The Southern Oregon Coast

When I woke up today it was foggy and drizzly.  But after breakfast (veggie scramble, sausage, fresh homemade apple-pear juice, and fresh apples and Asian pears from the orchard), I drove to the coast, and by the time I got there, the sun was out.

Until about 1:30.  Then it started clouding over and spitting rain.  And later in the afternoon it was raining heavily.  More rain is predicted for tomorrow.

But let's talk about the sunny part of my day.  (A few pictures now, more to come later.)

At Dave and Leena's suggestion, I headed to Coos Bay, and turned north, crossed the bridge, and made a left.  This took my onto the Trans Pacific Parkway.  (It is true - that is the name of the road.  It does cross some water, but it absolutely does not cross the Pacific Ocean.)  It took me to the south end of the Oregon Dunes National Recreation Area.  I had to disturb this fellow in order to get to the envelopes so I could pay the day fee.

But that accomplished, I found my way to an area of dunes that I had all to myself.  And I learned something: dunes are cool!

After enjoying the dunes for a while, I headed on a little further to the beach, and then I took a hike around a lake, and then I moved on to my next area to explore: Cape Arago.  This was one of the best places on the entire coast for viewing the ocean.  My first stop was at Sunset Bay, a nice protected beach.

Then I stopped to see the Cape Arago Lighthouse.  But it was this that was truly spectacular.  I keep watching this video and I keep being amazed.  It was even more amazing in person.  (You can see the lighthouse at the far left edge of the video.)

At another viewpoint, the barking of the sea lions was almost as loud as the roar of the waves.  Unfortunately, the videos I tried taking didn't come out well.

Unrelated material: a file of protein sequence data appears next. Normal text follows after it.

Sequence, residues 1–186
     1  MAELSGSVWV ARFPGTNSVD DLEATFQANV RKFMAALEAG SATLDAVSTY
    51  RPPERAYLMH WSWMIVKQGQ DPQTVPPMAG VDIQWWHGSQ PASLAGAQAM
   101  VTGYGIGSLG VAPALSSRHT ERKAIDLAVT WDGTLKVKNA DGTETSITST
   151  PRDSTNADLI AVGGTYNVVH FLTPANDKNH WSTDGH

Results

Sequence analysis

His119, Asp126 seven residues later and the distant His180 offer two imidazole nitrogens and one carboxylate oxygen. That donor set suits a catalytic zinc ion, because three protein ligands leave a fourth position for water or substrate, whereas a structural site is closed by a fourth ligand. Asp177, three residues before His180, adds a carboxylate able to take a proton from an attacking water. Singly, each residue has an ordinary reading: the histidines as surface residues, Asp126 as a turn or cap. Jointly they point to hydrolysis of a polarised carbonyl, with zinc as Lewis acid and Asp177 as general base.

Finally, the far end of the road for more great views.

From there I drove to Bandon, with a detour to see the Coquille River Lighthouse. 

It hasn't been in use since the 1930s, and they let you climb to the top to look out.

Bandon is a cute town.  It has a small old-town area with nice shops.  I had the Halibut and Chips my coworker told me I must get.  They were as good as he said.  Then I walked around the town and watched some crabbers attempting to catch some crabs on the dock (one guy explained that they have to be 5.25" across and they have to be male, otherwise they throw them back -- and I didn't see anyone catch anything they didn't throw back).  They use raw chicken legs or turkey legs for bait.

No stop in Bandon would be complete without a visit to the cranberry shop, so I did that.  And the chocolate shop.  Let's just say that samples were tasted and purchases were made.

Bandon also provided additional opportunities for ocean viewing, and I took advantage of these, because when you're on the Oregon coast, you are compelled to look at the ocean and it's impossible to take too many pictures.

It's also obligatory to see as many lighthouses as possible.  Unfortunately, I missed a couple on the way down the coast, but there was one more just a few miles south of Bandon at Cape Blanco, the westernmost point in Oregon.  Unfortunately, I underestimated the distance, and it was a long drive in what became a heavy and steady rain, just to get a few pictures of a lighthouse.  I could just as easily have downloaded some pics of this lighthouse off the internet and posted them here.  But I didn't.  honest.  I actually took these pics.  Really.  You can tell because all the pics on the internet have bright blue sky.

From there it took almost an hour and a half to get back to the farm for salmon dinner (Dave caught it himself), salad and potatoes from the garden.  And three of Dave's homemade wines: blackberry, strawberry-rhubarb, and plum-cherry.  (This last tasted almost like a brandy.)  He isn't legally allowed to sell it, but he said for a donation I could take some home.  He was also making some more plum wine.

Total miles today: 180.

Tomorrow, I'm off to Ashland.  I'm planning a scenic route, but just how scenic will depend on the weather.